Conflicts of interest and the '60 Minutes' test

A member of your association’s board owns an office building that the association is considering for its new headquarters.

A board member is a partner in an accounting firm that is in the running to handle the association’s bookkeeping and taxes.

Your association needs to hire a new office assistant. A board member’s spouse applies for the position.

Which of these scenarios constitute a conflict of interest for the board member involved? The answer is “all of the above” and “none of the above.”

All gifts appreciated - even the ones that are hard to unwrap

Not all gifts come in boxes, bags and envelopes. Every person in our life is a gift. We’re not just talking about beloved friends and family members; this goes for the association leaders we’ve worked with over the years.

Many of these gifts are just what we asked for: the ones who are easily accessible, who have a plan for their association, who value and trust the staff and are comfortable in the knowledge that we’re all on the same page. We cherish these folks as we once cherished that new bike Santa left under the tree.

The arrival of Thanksgiving has us reflecting on the many reasons to be thankful for our involvement in association work.

We’re grateful for insight into the professions represented by the associations we work with. We’ve gained great appreciation for the skill and expertise required for our members to perform the work they do. We have grown intimately familiar with inner workings of worlds we’ll never work within ourselves, and are proud to represent people who keep our children safe, make our world beautiful, contribute to the health of our pets, make cancer patients stronger for the fight ahead, speak for the disenfranchised, move us from one place to the next and much more.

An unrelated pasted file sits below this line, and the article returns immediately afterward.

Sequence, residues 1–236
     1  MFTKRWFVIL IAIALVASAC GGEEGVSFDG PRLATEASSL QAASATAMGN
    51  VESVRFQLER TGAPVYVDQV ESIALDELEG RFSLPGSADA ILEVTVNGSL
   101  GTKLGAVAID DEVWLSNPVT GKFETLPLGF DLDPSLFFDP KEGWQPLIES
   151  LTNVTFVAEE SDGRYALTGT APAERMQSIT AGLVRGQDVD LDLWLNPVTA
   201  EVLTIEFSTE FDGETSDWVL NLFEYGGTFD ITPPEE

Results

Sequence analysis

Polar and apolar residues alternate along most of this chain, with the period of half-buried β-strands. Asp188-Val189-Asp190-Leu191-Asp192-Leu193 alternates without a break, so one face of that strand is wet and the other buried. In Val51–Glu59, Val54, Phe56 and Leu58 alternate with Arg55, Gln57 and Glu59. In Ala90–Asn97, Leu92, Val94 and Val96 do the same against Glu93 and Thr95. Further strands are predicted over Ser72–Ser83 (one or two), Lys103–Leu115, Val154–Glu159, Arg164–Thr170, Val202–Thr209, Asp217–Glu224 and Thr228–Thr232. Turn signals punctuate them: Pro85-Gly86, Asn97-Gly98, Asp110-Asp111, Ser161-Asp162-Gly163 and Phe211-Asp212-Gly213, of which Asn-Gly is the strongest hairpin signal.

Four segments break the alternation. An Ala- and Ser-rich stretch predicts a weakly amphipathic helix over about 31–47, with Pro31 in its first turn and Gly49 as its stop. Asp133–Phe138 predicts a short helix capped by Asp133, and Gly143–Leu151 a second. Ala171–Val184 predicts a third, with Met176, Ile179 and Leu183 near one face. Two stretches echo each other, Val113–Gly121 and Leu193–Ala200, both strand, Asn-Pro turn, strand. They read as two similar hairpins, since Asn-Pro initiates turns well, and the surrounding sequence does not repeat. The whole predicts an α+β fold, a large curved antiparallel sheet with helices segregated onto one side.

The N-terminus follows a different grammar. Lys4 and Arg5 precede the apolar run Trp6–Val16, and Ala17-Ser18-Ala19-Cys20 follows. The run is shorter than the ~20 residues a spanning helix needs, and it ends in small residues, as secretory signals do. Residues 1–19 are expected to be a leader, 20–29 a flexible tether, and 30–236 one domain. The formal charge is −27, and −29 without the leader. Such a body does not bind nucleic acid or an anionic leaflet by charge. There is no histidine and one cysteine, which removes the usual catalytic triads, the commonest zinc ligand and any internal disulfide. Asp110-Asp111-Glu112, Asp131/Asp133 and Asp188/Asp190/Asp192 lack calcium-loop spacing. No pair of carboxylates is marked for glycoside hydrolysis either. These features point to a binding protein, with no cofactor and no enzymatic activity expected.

Online security at the best price - FREE!

by Shannon Davenport and Emily Luddy

As association managers you wear a lot of different hats. Staying informed about the latest technology and its implications for your association is just par for the course, so let’s dive right into an important development coming out of the web community: free SSL certificates.

SSL, or Secure Sockets Layer, is an encryption tool that provides secure communication over a computer network. The information you send over the internet such as usernames, passwords, Social Security numbers and credit card numbers, travels across the world’s computer networks until it reaches its destination. The security certificate locks up this private data, so it arrives at the destination safe and sound.

You may know more than you think about SSL certificates. Have you ever noticed web addresses that begin with “https://” and have a little padlock icon in the address bar? That means the site has a security certificate. It's a visual cue that says, “Hey, you can trust us!”

What are the implications of that for you and your members? Well, does your organization ask people to sign up for a weekly newsletter? Do you offer online registration for events? Do you collect dues payments?

Then you need a security certificate.